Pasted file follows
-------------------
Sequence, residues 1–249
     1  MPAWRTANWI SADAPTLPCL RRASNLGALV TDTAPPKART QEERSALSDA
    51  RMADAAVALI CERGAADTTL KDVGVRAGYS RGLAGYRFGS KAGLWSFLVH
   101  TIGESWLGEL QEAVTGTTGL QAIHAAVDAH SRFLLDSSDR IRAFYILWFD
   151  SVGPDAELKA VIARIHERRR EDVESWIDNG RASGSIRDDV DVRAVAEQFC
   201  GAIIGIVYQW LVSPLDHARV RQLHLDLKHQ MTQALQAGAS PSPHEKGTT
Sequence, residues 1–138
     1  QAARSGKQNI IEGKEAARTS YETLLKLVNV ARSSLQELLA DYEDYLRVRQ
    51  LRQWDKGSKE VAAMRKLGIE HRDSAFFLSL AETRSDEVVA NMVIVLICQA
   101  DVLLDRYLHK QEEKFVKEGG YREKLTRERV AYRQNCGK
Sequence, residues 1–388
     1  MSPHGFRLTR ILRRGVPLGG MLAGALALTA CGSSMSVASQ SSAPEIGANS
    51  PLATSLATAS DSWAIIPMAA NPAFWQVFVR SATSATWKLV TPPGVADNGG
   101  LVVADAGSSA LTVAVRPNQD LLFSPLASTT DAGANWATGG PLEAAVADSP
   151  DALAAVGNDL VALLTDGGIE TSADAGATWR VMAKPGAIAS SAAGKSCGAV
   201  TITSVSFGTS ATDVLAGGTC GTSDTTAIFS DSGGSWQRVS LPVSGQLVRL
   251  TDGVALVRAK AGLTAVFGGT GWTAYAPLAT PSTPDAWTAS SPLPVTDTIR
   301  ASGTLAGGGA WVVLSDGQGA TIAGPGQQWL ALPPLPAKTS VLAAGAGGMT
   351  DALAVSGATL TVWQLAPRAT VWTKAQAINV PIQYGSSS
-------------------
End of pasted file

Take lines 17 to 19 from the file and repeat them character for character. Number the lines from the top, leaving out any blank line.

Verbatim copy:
   251  TDGVALVRAK AGLTAVFGGT GWTAYAPLAT PSTPDAWTAS SPLPVTDTIR
   301  ASGTLAGGGA WVVLSDGQGA TIAGPGQQWL ALPPLPAKTS VLAAGAGGMT
   351  DALAVSGATL TVWQLAPRAT VWTKAQAINV PIQYGSSS